Everyone needs a hobby, an enjoyable outlet, something of an escape from daily life (even when it's a very enjoyable daily life). Mine happens to be writing this blog and what an escape it has turned out to be. But one of the more interesting underground hobbies of Japan is the pastime of haikyo. Literally translating as "ruins", the haikyoist spends his or her time hunting down and photographing old abandoned relics, each with it's own fascinating story of a lost little piece of history.
When I first arrived in Japan I lived near a beautiful old wooden house in the leafy suburbs of Takanawadai which was surrounded by vast (by Japan standards) gardens and a high, street side wall. The only issue was the pedestrian handrail which had been constructed directly across its main gate, which clearly hadn't been opened in many a year. The ghost house was eerily abandoned, living in something of a Mishima-esque era of forgotten Tokyo.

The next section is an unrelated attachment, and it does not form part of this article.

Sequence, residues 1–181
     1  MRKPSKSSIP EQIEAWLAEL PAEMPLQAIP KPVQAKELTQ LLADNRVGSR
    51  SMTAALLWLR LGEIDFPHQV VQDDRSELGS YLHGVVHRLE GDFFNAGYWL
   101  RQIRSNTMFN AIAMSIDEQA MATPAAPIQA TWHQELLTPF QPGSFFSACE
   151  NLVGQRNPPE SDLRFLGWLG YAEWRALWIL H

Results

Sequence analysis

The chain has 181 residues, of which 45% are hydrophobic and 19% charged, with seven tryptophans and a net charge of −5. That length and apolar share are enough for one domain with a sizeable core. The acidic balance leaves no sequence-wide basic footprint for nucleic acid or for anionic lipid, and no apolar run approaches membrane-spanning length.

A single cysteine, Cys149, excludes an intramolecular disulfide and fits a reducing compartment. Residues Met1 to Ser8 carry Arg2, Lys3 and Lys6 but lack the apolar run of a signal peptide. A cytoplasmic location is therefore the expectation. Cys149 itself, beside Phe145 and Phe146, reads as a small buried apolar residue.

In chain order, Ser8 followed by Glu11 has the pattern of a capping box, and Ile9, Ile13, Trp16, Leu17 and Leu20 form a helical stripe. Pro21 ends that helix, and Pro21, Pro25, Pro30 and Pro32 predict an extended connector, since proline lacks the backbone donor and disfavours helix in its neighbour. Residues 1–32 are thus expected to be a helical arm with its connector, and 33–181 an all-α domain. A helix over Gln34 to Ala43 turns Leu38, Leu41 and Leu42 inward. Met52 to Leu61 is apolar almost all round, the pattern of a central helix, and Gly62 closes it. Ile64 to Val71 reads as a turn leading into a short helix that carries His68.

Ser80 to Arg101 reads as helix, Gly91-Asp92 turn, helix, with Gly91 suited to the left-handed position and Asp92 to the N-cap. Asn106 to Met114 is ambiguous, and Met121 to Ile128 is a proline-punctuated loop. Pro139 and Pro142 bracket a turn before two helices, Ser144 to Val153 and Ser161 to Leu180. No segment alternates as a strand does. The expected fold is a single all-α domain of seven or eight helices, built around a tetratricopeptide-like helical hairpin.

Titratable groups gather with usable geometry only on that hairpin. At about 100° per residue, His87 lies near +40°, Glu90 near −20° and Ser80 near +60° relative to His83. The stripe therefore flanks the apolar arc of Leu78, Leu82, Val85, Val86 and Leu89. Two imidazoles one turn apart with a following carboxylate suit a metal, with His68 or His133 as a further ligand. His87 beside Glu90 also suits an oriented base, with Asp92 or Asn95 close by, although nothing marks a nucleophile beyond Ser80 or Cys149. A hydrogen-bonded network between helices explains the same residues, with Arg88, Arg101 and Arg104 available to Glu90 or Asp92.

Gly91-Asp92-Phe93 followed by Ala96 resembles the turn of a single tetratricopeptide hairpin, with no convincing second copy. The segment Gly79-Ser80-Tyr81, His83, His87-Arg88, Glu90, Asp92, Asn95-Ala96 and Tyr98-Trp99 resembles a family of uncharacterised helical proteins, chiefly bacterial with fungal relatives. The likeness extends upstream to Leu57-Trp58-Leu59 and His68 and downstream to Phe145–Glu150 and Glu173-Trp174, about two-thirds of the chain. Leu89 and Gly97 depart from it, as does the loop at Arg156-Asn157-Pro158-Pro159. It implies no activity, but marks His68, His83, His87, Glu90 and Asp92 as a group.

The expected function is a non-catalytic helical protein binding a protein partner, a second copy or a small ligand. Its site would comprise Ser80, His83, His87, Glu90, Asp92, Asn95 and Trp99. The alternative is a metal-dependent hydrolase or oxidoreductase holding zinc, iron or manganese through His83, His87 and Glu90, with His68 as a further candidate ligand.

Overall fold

Indeed, across Japan there are some eight million plus abandoned dwellings as families would prefer to walk away from a tax liability than level and exit a much unwanted inheritance. But there is something a little romantic about the lives of haikyoists. Whether it's apartments, amusement parks or deserted military bases, they are creating a digital history of Japan, one which saw it's heyday long before the smartphone was even a glint in Steve Job's eye. So Google them, after all as I say, everyone needs a hobby.